Olympus just fired their first non-Japanese CEO, Michael Woodford, after eight months on the job. First, this has revealed massive inefficiencies at Olympus. The reveal of these inefficiencies appears to be the primary motivating factor in Woodford's dismissal. Anyone who has ever dealt with the Japanese business world knows that airing dirty laundry is not how things are done, which leads to huge problems. That's why executives have a nasty habit of resigning in dishonor over in that ridiculous culture. Not because they failed, but because the problems became public.
This also signals that Olympus has no interest in growing past its local, Japanese blinders. Look at the list of best-selling cameras in Japan. Olympus and Panasonic both have multiple cameras on the list. Now, look at the list of best-selling cameras in any other country. Neither Olympus nor Panasonic is anywhere even within view of the top-25. They obviously understand the Japanese market, but the rest of the world eludes them. They are so resolutely hamstrung by their cultural mores (or perhaps morass is more appropriate), that they are literally letting the company crumble.
I think that this is indicative of something beyond just Japan. I think that it might signal a shift in global expectations of technology. After WWII, the world was defined by the wonders of technology. Japan did well in this environment. They were collectivist, meaning that individual expression wasn't important. This negated artistic expression, but fomented an engineering perspective best exemplified in Sony's early successes and the eventual rise and global domination of Nikon and Canon. I think that it was further seen in Japan's dominance of the video game market throughout the 1980's and 90's.
But today, things have changed dramatically. The most valuable technology company in the world is Apple. Most of the top video games are made in the US and Europe. And the camera world is undergoing a wild transformation with the most popular camera in the world being... the iPhone 4. The market is no longer interested in just technology, they are interested in the experience available therein. Not that long ago, specs were what mattered. Today, there is still a small group that cares about the details, there always will be. But the rest of the world cares about how the technology makes them feel.
Japan is terrible with this perspective. It is the artistically-driven perspective. It is driven by an auteur with a vision, thus imprinting a personality on a product. Everyone knows the joke: America invents things, Japan figures out how to make them work, then does it smaller, faster, and better. I think that the video game companies have been aware of this for longer than the other conglomerates, with each of the major names running regional operations with their own, in-house development.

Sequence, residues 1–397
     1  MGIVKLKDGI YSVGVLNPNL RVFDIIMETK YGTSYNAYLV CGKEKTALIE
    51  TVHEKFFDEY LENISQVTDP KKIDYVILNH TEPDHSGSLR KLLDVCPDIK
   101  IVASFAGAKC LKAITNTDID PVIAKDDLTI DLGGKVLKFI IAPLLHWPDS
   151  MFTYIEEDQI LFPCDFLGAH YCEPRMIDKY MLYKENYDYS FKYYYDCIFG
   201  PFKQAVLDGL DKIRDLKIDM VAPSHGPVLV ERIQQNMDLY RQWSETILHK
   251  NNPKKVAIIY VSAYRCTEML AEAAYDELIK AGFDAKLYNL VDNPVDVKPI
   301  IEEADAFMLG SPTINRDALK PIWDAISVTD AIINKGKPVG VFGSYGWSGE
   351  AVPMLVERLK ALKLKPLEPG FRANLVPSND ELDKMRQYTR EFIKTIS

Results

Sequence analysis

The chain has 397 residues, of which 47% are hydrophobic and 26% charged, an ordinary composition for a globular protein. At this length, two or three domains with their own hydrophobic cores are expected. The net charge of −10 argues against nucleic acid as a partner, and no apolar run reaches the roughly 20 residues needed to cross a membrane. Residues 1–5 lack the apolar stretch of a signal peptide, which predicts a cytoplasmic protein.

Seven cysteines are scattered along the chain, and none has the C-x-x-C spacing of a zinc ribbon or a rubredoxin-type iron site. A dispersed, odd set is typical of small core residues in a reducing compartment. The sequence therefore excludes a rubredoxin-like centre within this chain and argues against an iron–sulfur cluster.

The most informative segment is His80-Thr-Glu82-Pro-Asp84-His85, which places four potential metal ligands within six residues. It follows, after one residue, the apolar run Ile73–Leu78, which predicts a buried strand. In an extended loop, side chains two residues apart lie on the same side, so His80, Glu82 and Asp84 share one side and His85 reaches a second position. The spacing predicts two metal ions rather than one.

Sony tackled this problem head-on when they were the first major Japanese firm to appoint a Westerner, Howard Stringer, to the top position. They explicitly stated that the purpose of his appointment was to cut through the corporate garbage at Sony and better compete with Panasonic in home entertainment, and Apple in everything else.
But where Sony and Panasonic are large, strong companies with growth prospects, Olympus is either stagnating or failing. Their global market share continues to drop and they are losing money in their most prominent division, cameras.
Even worse, corruption would be a preferable explanation to the official one proffered for Woodford's release. “We hoped that he could do things that would be difficult for a Japanese
executive to do,” Olympus chairman, Tsuyoshi Kikukawa, said during news
conference announcing the event. “But he was unable to understand that we need to reflect a
management style we have built up in our 92 years as a company, as well
as Japanese culture."
It is that comment about Japanese culture that drives home that Olympus is doomed. In this era of international, globalized business, there is no culture. There is no tradition. There is only good business, and if you desperately cling to the past, the future will consume you. That is Olympus' fate: to be consumed.
It is this comment more than anything that makes me consider leaving behind the Micro 4/3 format. I hope that Panasonic sees the danger inherent in this statement and delivers some soothing words to the market, otherwise, there be problems in 4/3 land.